For example, an SF author might keep their subscribers apprised of new exoplanents announcements such as the earth-sized planet that was discovered orbiting Proxima Centauri back in 2016.

Or, a historical fiction author might share a link to a news story about DNA-testing Viking skeletons. (In some cases they have found that bodies buried with swords which had been assumed to be men were actually women.)

7. Excerpts and Bonus Chapters

A great way to reward your newsletter subscribers and keep them coming back for more is to give them exclusive content–or if not exclusive, at least give it to them first.

You can share tempting excerpts from a book before it is released, or share the bonus chapters where the story continues.

8. Giveaways

You can also reward your subscribers by running a contest where you give away something your readers will value. It might be either signed copies of your books, or fun swag that you picked up on a trip.

For example, I’d really like it if I could get a poster or a model of one of the ships in the SF series I read. I’d definitely enter a contest to try to win the poster or the model–and if I lost I would probably go buy the model – and the poster, too.

9. Questions for Readers to Answer

People appreciate being heard, and they like it when their opinion is sought on an important topic, so why not use your newsletter to ask questions?

You could ask your readers to choose between several cover designs, or ask them which of your characters they like the most (that character might be popular for a spin off novel!), or you might ask them what they are reading so you can find out more about your readers.

While you’re at it, why not embed a form into the email so that your readers can respond right away? Sure, you could ask them to email you, or you could link to a Google form, but if you embed a form you can eliminate one step in the process, and increase the number of responses.

10. Books Similar to What You Write

Readers are always looking for new books, and if you know of books in your genre that they might like, you should mention them from time to time. Not only will this introduce your readers to new authors, it will also help those authors find new readers. Everyone comes out ahead on this one.

12. Your Event Calendar

Your readers will want to meet you in person, so you should be sure to share your public events schedule.

Tell your readers about the:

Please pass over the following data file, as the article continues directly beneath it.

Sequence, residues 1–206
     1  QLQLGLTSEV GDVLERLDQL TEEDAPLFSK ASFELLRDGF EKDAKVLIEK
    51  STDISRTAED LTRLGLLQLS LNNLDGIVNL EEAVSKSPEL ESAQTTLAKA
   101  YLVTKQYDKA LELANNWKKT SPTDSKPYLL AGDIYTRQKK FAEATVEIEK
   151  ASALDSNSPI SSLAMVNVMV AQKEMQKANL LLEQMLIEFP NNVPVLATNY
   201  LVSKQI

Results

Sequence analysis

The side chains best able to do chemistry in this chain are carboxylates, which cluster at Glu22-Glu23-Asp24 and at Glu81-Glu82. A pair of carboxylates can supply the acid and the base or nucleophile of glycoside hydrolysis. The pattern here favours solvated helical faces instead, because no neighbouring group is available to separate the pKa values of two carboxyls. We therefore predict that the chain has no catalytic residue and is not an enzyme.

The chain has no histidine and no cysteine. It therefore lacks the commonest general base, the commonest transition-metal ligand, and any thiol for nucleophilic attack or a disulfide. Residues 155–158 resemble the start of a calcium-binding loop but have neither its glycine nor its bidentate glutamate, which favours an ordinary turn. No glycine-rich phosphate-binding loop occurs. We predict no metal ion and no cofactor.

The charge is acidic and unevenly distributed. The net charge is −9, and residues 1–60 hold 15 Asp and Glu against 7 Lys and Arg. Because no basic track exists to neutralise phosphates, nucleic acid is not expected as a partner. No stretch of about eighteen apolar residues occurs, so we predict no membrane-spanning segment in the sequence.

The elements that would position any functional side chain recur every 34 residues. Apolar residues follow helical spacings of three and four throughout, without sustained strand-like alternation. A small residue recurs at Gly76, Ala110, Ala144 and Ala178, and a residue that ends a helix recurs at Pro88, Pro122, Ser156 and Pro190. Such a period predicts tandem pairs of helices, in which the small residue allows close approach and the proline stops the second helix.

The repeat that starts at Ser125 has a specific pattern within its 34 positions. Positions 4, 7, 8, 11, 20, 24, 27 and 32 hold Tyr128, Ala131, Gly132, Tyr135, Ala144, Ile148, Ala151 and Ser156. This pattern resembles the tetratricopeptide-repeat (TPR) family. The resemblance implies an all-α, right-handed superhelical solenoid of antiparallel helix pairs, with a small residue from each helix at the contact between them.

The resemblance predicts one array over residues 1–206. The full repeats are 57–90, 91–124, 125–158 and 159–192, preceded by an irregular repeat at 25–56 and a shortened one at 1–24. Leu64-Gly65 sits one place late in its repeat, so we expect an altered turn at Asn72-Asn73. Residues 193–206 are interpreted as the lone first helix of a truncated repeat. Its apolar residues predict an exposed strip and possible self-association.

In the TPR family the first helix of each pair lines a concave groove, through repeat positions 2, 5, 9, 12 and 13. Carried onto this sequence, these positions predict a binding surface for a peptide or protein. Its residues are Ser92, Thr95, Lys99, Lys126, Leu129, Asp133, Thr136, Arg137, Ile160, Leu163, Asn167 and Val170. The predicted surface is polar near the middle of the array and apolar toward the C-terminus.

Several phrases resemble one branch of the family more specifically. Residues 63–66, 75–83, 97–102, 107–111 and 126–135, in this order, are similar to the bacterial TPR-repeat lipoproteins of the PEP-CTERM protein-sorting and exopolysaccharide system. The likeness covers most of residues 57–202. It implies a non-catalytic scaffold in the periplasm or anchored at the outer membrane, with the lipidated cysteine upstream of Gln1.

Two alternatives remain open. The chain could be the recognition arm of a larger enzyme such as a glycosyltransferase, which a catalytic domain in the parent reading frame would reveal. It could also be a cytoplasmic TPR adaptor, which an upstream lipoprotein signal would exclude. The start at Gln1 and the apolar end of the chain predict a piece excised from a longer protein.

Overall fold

• book fairs
  • festivals
  • other events

you plan to attend over the next few months so they can plan ahead and meet you at one of those events. Oh, and don’t forget your online events like webinars or live streams for podcasts!

While you’re at it, you might also mention your vacation travel plans. If you are going to be in a region near some of your readers, and you have the time and energy, you might meet them for coffee.

BTW, this event calendar is one of those things that you can recycle from one newsletter to the next. You should keep a copy in a Word file and then paste it into the newsletter. (That’s what I do.)

13. Reviews from Readers

One of the best ways to sell your books is to share what others say about them, which is why you should consider sharing excerpts of reader reviews in your newsletter.

If you can, you should also make sure that the reviewer is a subscriber to the newsletter; they will love that you value their effort, so sharing their review is a great way to pay them back for writing it.

At the same time, you need to be careful to limit how many reviews you mention in a newsletter; if you include too many, readers will lose interest.

14. Books You’re Reading

Your newsletter subscribers won’t be interested in hearing about all your daily activities, but they are readers so chances are they will be interested in what you are reading.

Briefly mention the books you’re reading in a 100-word to 200-word review, and explain why you like or dislike them. This will help you forge a connection with your readers, and also turn them on to new authors.

Do you have more ideas for newsletter content? If so, share them with us in the comments.

Resources

If you want to read more about what you can put in your newsletter, I found a number of great posts on the topic, including: